Take a look at the primary benefits from creatine supplementation.

  • Extra Energy. Creatine supplementation boosts energy, allowing you to train or compete harder, longer, and dig deep when you need a big burst of energy. When you need quick energy, your body relies on a compound called ATP (adenosine tri-phosphate). ATP stores quickly burnout, and are typically exhausted after 10 to 15 seconds. Creatine works to help restore ATP stores, preparing you to work hard again.
  • Protein Synthesis. A recent study revealed that creatine supplementation stimulates muscle specific protein synthesis. Muscle Volume. Creatine supplementation volumizes muscles, which in turn strengthens muscles cells. With a greater muscular volume, you are generally stronger, and will carry more lean muscle mass. Lactic Acid. Creatine works as a lactic acid buffer, delaying muscle fatigue, and allowing you to work longer into sets, or harder on the playing field.

 

Know more: How to use creatine? What is loading? Is it beneficial to stack creatine with other supplements? Get your answers from our Health and nutrition Counselors, today.

 

Glutamine Supplements
Glutamine is a "non-essential" amino acid. Non-essential does not mean that it is not essential; it means the human body produces it naturally. Sixty percent of our glutamine is found in the skeletal muscle, with the remainder residing in the lungs, liver, and stomach. Glutamine has a unique molecule structure with 2 nitrogen side chains. This makes glutamine the primary transporter of nitrogen in the muscle cells.

 

Glutamine supplementation is also to promote nitrogen retention and prevent the loss of muscle proteins. Within the first few minutes of your workout your muscles begin to release glutamine. If your glutamine levels fall too low your muscles may adopt a catabolic (breaking down) state. In extreme cases this may result in muscle loss. Glutamine is also largely responsible for transporting nitrogen throughout the body during intense physical activity. A positive nitrogen balance and high glutamine levels are necessary criteria in the effort to gain muscle mass.

 

Glutamine supplements are required when the body's stores of glutamine are low. And the body's glutamine levels are at their lowest after intense physical activity. You should take glutamine as soon as possible after your workout. Most bodybuilders prefer to add glutamine supplements to their post-workout shake. Glutamine is mostly tasteless.

 

Carbohydrate Supplements
Carbohydrates are also known in biochemistry as saccharides. The saccharides are then divided into four chemical grouping: monosaccharides, disaccharides, oligosaccharides, and polysaccharides. Generally, monosaccharides and disaccharides are classified as sugars. Sugars are also commonly called simple carbs. Oligosaccharides and polysaccharides are commonly referred to as complex carbs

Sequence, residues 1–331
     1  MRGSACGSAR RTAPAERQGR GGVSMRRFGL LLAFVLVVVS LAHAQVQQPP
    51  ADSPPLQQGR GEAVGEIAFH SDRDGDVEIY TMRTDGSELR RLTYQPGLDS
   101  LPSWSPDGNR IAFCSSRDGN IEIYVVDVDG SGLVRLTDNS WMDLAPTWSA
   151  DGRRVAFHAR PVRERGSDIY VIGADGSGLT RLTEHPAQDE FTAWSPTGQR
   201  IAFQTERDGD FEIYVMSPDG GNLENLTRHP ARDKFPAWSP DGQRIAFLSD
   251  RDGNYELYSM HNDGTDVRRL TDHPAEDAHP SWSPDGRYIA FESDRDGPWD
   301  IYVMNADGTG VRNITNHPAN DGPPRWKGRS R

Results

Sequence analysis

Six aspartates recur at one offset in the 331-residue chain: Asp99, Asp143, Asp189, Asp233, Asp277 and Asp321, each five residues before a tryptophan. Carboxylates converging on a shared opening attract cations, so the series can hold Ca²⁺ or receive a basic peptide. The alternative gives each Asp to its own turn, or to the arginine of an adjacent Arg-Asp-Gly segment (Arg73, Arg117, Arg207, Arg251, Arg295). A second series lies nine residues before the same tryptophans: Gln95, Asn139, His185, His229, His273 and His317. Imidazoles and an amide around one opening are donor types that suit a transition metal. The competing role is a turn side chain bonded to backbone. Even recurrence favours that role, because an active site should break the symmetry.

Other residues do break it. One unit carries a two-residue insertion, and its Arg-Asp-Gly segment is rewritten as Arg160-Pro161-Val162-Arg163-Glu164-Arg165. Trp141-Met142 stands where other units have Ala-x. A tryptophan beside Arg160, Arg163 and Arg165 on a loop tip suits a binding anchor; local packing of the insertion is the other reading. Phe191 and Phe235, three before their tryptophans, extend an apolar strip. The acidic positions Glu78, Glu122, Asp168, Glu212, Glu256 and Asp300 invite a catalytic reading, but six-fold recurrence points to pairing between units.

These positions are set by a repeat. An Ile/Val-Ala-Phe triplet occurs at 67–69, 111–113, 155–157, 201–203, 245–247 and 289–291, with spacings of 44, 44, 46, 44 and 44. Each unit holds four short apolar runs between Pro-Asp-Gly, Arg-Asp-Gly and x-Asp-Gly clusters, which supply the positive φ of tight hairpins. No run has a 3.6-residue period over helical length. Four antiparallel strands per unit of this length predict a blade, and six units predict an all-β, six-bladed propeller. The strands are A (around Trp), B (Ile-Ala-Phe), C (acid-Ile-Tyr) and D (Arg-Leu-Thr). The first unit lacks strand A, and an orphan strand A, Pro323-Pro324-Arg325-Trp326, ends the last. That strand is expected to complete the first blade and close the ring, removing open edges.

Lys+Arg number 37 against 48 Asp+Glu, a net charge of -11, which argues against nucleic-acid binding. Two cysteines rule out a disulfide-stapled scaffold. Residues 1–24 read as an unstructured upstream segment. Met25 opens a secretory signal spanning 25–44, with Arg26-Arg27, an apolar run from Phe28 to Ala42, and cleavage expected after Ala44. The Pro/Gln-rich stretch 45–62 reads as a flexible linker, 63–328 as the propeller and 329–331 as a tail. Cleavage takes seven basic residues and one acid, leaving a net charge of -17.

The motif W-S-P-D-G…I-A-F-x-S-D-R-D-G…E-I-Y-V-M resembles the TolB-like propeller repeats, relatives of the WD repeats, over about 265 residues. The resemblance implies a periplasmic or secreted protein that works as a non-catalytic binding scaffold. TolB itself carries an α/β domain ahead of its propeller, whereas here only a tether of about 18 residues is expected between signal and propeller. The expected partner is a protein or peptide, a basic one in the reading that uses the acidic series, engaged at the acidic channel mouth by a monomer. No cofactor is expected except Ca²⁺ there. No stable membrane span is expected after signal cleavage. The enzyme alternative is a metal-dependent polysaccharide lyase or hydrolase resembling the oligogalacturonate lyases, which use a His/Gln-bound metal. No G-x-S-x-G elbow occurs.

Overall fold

The digestion rate of carbohydrates varies depending on the source. The scale for measuring the digestion rate of carbs is called the glycemic index. The higher rating a carb has on the glycemic index the faster it is digested. The lower it is on the glycemic index the slower it is digested. If a carbohydrate is slowly digested, the insulin spike will be more subtle and steady.

 

Carbohydrates are the preferred source of energy for the metabolism. While the body is able to obtain all the energy it needs from proteins and fats, this does not allow the body perform and operate at an optimal level.

 

During training the body is in a catabolic state as cortisol levels are high. Some of this muscle loss can be counteracted by consuming high glycemic carbs before and during training.

 

After training the body will continue to be in a catabolic state until protein and carbohydrates are consumed. For this reason high glycemic carbs should also be consumed after training. The body is in a unique state immediately after training. It is much more sensitive to nutrients and protein synthesis is increased beyond normal resting levels. This is yet another reason to mix carbohydrates with your post training protein shake.

Lastly, consuming high glycemic carbohydrates will replenish glycogen stores, that have been depleted by training. This will lead to faster recovery and a better workout tomorrow.


Disclaimer: Nothing in this website is intended as, or should be construed as, medical advice. Consumers should consult with their own health care practitioners for individual, medical recommendations. The information in this website concerns dietary supplements, over-the-counter products that are not drugs. Our dietary supplement products are not intended for use as a means to cure, treat, prevent, diagnose, or mitigate any disease or other medical or abnormal condition.